A: Unclassified information” refers to information not classified in accordance with Executive Order 13526, 75 FR 707; 3 CFR 2010 Comp., p. 298, or a comparable predecessor or successor order.
Q.2: What is the “encryption carve-out?”
A: The export control “carve-out for encrypted data” results from a number of changes in technology and software controls implemented as part of Export Control Reform. The changes affect export controls on cross-national transmission of technical data in the Export Administration Regulations, and also release of such data to foreign persons. While not referencing cloud applications directly, these changes will have a major positive effect on the management and use of many cloud services. Most applicable provisions may be found in EAR §734.18 of the EAR, “Activities that are not exports, reexports or transfers.”
Q.3: Why is FIPS 140-2 specified for the carve-out?
A: The Federal Information Processing Standards Publication 140-2 (“FIPS 140-20”) is a well-known set of cryptographic standards used for government procurement in the U.S and Canada. It is intended to set a baseline for the quality of encryption eligible for the carve-out. Specifically, hardware and software modules (and by extension, algorithms) certified as compliant by the National Institute of Standards and Technology (NIST) would qualify. FIPS 140-2 can be found at the NIST website: http://csrc.nist.gov/groups/STM/cmvp/standards.html
Q.4: What level of security would qualify?
A: While FIPS 140-2 features four levels of security, § 734.18 does not specify what level is appropriate for a particular business environment. Moreover, the section references NIST publications as guidance for dimensions of cryptographic execution, such as key management that are not referenced in the FIPS 140-2 itself. The exporter is responsible for ensuring that modules and procedures implemented are sufficient to ensure protection of data within the context in which he or she operates.
Q.5: Is FIPS 140-2 the only cryptographic standard or approach that can be used for the carve-out?
A: No, and in fact the EAR specifically state that equally or more effective cryptographic means can be used. BIS recognizes that there are circumstances, such as cryptography developed for internal company use, that may be effective but that have never been subject to the NIST certification process. However, exporters must be sure that whatever standard and procedures are used are effective within the context in which the firm operates.
Source: Bureau of Industry and Security FAQs
Until that time, companies will need to continue to differentiate between how they treat their ITAR-controlled technical data, on the one hand, and EAR-controlled technology and software on the other hand for purposes of cloud storage. “Companies that are ITAR registrants and may have ITAR-controlled technical data cannot at this point rely upon the decontrol to transfer or store encrypted data on servers outside the United States,” Gershberg says.
Another way that companies can violate U.S. export regulations under the final rules is by releasing “access information” (cryptographic keys, passwords, network access codes, and the like) to a foreign national, including within the United States.
The BIS final rule codifies its long-standing policy that such an export is deemed to occur only to that person’s most recent country of citizenship or permanent residency, whereas the DDTC interim rule states that such an export is deemed to be an export to all countries in which the foreign national holds or has held citizenship or holds permanent residency.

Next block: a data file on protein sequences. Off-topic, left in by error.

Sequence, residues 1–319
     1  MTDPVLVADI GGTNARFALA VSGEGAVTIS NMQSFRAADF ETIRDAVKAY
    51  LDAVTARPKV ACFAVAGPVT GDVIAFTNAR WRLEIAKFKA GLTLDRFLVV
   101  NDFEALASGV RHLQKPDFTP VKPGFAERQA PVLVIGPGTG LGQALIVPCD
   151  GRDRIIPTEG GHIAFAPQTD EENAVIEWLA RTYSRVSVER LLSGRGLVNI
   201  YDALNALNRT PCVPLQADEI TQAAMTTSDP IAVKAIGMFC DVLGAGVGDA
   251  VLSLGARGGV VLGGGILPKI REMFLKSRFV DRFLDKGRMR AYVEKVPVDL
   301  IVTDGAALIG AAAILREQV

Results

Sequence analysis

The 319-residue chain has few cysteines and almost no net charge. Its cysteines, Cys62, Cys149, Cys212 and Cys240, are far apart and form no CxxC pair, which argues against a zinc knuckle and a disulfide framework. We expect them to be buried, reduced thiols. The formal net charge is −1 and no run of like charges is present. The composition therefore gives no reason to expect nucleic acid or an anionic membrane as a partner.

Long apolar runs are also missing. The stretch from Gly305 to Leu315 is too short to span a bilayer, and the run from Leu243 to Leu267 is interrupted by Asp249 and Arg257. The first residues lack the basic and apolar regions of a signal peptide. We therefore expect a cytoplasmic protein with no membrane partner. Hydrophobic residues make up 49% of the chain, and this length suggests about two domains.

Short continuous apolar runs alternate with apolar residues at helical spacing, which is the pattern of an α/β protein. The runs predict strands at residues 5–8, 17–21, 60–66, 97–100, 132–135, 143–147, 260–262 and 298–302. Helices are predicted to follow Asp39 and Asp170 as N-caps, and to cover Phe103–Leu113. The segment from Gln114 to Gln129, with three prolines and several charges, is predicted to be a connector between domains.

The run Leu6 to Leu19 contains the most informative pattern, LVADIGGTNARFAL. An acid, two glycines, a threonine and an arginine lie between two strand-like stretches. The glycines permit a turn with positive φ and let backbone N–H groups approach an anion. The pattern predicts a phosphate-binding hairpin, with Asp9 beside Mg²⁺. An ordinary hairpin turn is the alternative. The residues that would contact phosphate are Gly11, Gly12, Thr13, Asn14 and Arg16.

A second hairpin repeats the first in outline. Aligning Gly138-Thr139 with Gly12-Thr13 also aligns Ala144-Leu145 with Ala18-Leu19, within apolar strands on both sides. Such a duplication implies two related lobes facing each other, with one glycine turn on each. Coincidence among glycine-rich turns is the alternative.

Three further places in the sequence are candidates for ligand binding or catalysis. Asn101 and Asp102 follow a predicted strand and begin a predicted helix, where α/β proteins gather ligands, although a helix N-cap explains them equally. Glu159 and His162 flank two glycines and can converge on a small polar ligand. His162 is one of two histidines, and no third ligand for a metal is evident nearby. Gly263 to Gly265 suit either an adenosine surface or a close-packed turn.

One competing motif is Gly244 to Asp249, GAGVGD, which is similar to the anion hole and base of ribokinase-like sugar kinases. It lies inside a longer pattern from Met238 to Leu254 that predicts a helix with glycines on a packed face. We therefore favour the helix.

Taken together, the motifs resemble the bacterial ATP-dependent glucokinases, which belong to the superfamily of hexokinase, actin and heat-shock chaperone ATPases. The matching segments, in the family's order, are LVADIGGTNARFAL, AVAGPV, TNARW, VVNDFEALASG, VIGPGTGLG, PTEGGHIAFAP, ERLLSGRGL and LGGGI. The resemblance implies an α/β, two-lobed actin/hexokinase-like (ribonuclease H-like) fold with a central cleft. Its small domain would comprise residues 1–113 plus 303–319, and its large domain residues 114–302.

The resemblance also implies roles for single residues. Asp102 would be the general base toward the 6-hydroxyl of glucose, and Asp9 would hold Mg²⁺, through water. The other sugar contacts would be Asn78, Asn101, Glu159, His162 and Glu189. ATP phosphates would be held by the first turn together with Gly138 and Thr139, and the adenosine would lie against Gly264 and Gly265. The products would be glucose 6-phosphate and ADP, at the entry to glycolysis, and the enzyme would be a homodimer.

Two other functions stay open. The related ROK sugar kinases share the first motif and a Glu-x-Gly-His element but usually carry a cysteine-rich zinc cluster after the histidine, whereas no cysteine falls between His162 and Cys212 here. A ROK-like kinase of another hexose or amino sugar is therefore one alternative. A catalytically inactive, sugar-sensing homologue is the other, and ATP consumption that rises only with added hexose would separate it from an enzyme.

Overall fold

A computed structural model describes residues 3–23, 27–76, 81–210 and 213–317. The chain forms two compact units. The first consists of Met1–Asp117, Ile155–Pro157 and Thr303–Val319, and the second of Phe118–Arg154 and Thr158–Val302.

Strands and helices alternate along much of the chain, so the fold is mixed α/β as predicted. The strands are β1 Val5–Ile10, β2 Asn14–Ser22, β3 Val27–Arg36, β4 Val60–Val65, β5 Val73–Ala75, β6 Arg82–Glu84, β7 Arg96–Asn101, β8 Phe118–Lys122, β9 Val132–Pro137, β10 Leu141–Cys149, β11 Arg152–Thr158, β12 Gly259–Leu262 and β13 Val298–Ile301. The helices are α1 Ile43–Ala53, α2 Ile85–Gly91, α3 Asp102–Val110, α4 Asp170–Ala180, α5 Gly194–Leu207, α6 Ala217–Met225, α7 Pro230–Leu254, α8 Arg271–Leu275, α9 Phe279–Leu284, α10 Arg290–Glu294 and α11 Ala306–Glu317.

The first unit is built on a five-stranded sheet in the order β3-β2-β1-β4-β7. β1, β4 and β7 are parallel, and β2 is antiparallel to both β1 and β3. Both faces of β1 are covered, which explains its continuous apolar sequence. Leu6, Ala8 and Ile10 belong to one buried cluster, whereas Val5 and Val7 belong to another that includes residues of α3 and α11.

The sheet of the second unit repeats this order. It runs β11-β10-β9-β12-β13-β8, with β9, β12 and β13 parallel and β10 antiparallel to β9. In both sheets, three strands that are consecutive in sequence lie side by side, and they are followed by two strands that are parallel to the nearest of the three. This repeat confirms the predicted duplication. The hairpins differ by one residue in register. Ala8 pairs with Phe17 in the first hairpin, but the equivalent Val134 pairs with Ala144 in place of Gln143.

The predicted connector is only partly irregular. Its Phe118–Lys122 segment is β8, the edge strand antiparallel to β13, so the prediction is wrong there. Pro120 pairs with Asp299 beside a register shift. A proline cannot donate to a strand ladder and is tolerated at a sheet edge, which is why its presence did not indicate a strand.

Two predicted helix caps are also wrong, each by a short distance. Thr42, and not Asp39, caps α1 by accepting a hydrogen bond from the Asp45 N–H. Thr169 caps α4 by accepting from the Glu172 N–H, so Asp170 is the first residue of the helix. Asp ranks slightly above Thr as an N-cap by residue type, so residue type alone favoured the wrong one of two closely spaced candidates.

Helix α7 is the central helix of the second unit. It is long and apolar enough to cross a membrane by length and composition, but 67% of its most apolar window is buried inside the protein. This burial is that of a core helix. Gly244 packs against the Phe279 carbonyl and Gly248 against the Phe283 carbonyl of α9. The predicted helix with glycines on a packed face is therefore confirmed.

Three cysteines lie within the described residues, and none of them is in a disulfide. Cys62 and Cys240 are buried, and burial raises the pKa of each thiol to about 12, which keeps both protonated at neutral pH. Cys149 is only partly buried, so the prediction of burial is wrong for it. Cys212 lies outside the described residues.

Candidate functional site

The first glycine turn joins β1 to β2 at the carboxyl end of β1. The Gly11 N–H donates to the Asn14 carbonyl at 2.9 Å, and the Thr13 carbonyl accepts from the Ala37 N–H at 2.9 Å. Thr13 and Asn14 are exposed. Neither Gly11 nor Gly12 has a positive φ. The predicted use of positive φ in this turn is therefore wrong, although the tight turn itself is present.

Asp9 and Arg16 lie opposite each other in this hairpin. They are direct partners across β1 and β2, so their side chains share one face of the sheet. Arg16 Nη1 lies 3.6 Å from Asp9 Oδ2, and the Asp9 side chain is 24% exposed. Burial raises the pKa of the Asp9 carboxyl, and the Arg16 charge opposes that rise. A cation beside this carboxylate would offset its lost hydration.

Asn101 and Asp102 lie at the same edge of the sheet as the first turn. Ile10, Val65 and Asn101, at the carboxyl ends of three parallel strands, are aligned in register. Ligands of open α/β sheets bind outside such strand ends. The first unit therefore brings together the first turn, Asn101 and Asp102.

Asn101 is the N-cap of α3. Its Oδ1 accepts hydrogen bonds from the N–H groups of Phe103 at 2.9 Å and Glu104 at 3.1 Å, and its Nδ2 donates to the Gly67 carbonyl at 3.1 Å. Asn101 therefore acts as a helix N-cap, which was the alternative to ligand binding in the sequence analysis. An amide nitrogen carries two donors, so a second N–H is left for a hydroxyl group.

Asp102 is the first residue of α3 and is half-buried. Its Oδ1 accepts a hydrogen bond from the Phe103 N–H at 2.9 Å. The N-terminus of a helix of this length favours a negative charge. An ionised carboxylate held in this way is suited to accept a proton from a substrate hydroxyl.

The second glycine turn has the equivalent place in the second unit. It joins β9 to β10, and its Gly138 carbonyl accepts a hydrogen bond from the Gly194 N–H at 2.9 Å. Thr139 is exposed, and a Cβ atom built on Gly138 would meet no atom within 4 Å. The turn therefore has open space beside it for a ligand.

Providing access information requires authorization, but the final rule clarifies that access information itself will not be controlled as a separate stand-alone item, distinct from the underlying data. Rather, the BIS final rule states that, “to the extent an authorization would be required to transfer technology or software, a comparable authorization is required to transfer access information if with the ‘knowledge’ that such transfer would result in the release of such technology or software without a required authorization.”
“Still, companies will need to be thoughtful about how to do this without linking the keys to the data in a way that could lead to unauthorized access,” the Steptoe client alert stated. “Great care will have to be taken in securing, or at least segregating, access information.”
The rule clarifies that the victim of a database hack is not the one responsible for the theft of the technology. The individual who originally placed technology into a database would only be held liable for knowing or otherwise allowing access to the encrypted data.
Both the BIS and DDTC rules also allow for the transfer of certain information between or among U.S. persons located outside the United States without the transfer being subject to licensing requirements under the EAR or ITAR. The scope of authorizations under each rule differ, however, so companies must pay careful attention to what the BIS or DDTC interim rule allows for a given transfer.
The EAR, for example, authorizes the transfer of technology or software between or among U.S. persons who are located in the same foreign country, so long as that technology or software isn’t released to a foreign person. Under the DDTC interim rule, foreign persons employed by the U.S. government or directly employed by a U.S. person authorized under an ITAR license or other approval to receive technical data in the United States may receive this same data while on temporary assignment abroad on behalf of their employer.
The DDTC interim rule clarifies that U.S. persons or authorized foreign persons located outside of the United States may rely on this exemption when accessing technical data stored on U.S. servers. To be eligible for this exemption, the technical data must be secured while abroad to prevent an unauthorized release.
With the issuance of the final rules, companies will want to ensure they have appropriate encryption and access control safeguards in place, paying particular attention to the specific restrictions laid out in the final rules. That includes knowing where your data is stored and where it will transit. Companies are also advised to ask cloud providers those questions and include provisions in contracts prohibiting the company’s data from being exported to or stored in specific countries subject to U.S. export controls.